14 Feb 2016

Raspberry Pi: SSH using public and private keys

Sometimes it’s necessary to leave a publicly accessible SSH connection available on your Raspberry Pi. While a strong password is essential, a much more secure method for authentication is to use a public and private key system. This guide will take you through all of the steps to creating the keys, configuring the Raspberry Pi, and finally configure PuTTY.

Before we begin, this assumes you already have SSH access using a password.

Generating the keys

  1. The keys will be generated on your PC, not on the Raspberry Pi.
  2. Run PUTTYGEN (PuTTY Key Generator).
  3. The default parameters are fine (SSH-2 RSA, 2048).
  4. Click the Generate button and move your mouse cursor around as instructed.
  5. Copy / paste the public key into Notepad, we’ll need this in a moment.
  6. Save the private key to a ppk file on your PC. You can disregard the passphrase pop-up.

Configuring public key for a user

Connect to the device over SSH and login using your (non-root) username and password. For this example, we’ll use the username “darian”. 😉

Enter the following:

cd ~
mkdir .ssh
cd .ssh
nano authorized_keys

Paste the public key from Notepad into Nano. This key should be a single line in the file.

Ctrl + O to save the file, then Ctrl+X to exit.

Now we will modify permissions for greater security:

sudo chmod 700 ~/.ssh/
sudo chmod 600 ~/.ssh/authorized_keys
sudo chown -R darian:darian ~/.ssh/

You can check these settings like this:

ls -l

It should look similar to this:

-rw------- 1 darian darian 398 Feb 14 16:57 authorized_keys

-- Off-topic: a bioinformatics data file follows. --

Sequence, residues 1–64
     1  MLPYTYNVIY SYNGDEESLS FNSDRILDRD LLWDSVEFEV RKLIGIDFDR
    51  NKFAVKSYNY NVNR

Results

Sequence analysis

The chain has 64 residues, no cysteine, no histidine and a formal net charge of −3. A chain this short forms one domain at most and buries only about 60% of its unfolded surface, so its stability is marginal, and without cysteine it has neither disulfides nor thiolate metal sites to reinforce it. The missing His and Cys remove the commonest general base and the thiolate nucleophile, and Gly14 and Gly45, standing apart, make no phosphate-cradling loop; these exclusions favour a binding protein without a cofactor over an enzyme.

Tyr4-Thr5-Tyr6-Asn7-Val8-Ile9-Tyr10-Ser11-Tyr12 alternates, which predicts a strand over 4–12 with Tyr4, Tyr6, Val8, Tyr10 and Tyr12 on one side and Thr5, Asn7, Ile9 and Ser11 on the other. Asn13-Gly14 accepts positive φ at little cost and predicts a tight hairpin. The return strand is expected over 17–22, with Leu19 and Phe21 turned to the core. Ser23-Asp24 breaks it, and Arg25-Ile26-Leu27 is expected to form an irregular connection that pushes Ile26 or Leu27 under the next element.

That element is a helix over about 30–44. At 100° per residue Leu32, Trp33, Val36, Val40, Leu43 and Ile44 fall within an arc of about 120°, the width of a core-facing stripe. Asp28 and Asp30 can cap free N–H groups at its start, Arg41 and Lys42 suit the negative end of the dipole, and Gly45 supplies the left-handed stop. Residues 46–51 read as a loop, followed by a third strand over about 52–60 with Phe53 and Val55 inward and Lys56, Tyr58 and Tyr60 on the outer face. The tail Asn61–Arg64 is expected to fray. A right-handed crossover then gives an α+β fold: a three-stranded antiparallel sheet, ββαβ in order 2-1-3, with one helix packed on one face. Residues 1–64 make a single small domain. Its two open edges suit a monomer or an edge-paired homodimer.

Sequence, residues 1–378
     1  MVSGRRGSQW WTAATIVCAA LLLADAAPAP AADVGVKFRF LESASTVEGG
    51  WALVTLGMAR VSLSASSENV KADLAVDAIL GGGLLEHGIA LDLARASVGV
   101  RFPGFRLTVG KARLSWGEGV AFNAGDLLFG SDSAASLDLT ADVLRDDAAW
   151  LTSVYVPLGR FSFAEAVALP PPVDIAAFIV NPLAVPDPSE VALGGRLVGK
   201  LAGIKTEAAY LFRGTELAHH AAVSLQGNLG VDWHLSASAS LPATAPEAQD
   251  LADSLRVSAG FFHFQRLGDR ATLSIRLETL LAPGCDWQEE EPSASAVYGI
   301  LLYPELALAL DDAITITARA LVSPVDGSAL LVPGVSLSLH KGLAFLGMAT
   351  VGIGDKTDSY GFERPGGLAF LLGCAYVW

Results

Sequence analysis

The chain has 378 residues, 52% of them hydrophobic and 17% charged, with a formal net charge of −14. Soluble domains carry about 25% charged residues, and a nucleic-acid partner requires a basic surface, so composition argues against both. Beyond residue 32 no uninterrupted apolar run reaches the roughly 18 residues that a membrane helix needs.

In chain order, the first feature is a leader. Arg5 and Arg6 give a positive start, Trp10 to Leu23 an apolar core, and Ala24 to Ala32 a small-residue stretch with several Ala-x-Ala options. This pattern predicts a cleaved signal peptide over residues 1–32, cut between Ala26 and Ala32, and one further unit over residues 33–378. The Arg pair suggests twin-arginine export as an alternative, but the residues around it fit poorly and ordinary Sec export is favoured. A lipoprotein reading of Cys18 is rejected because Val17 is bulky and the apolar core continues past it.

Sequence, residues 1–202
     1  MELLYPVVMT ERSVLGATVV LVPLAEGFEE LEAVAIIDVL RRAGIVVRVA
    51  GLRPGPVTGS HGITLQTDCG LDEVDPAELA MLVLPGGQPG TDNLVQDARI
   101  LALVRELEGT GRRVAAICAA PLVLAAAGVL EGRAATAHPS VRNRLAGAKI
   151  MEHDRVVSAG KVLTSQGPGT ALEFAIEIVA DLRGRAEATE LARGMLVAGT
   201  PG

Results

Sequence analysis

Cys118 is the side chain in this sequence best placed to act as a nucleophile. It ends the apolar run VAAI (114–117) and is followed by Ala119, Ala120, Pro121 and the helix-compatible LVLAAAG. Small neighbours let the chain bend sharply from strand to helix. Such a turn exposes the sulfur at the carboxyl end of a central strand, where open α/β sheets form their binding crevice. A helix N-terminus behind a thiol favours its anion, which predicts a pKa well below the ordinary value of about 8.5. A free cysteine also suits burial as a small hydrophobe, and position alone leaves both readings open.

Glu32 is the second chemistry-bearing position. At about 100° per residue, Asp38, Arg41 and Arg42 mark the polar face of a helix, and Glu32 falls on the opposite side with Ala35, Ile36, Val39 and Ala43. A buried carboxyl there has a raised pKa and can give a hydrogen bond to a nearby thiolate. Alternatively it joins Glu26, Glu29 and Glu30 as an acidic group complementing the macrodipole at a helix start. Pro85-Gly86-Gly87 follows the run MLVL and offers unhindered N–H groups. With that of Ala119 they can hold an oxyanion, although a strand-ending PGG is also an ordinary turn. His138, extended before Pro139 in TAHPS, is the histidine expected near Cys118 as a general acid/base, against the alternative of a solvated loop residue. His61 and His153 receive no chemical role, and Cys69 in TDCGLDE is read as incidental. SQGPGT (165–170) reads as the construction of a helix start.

Configuring public key for root user

sudo mkdir /root/.ssh/
sudo nano /root/.ssh/authorized_keys

Paste the public key from Notepad into Nano. This key should be a single line in the file.

Ctrl + O to save the file, then Ctrl+X to exit.

Now we will modify permissions for greater security:

sudo chmod 700 /root/.ssh/
sudo chmod 600 /root/.ssh/authorized_keys

Configure SSH to use keys and disable password login

Warning: Before continuing with this step, reboot the device and verify that login using the key file is working. After this next step SSH passwords will no longer work!

Open the SSH config file for editing:

sudo nano /etc/ssh/sshd_config

Find the following line (usually a page or two down, Ctrl + V):

#PasswordAuthentication yes

Uncomment and modify it to this:

PasswordAuthentication no

Reboot the device, and SSH login should only be possible using the private key file.

Configure PuTTY with private key

Navigate PuTTY settings:

Configuration > Connection > SSH > Auth > Private key file for authentication:

Click the Browse button and point to the private key (.ppk) file we saved earlier.

Note:    The command line argument for this is “-i”, e.g.:

putty.exe -i “C:/Some Folder/my-key-file.ppk”

That’s it! Now connecting with PuTTY will use the private key file instead of prompting you for a password. 😀

About the Author:

Hardware and software engineer with experience in product development and building automation. Product Manager at NEX Data Management Systems, based out of Brisbane, Australia.

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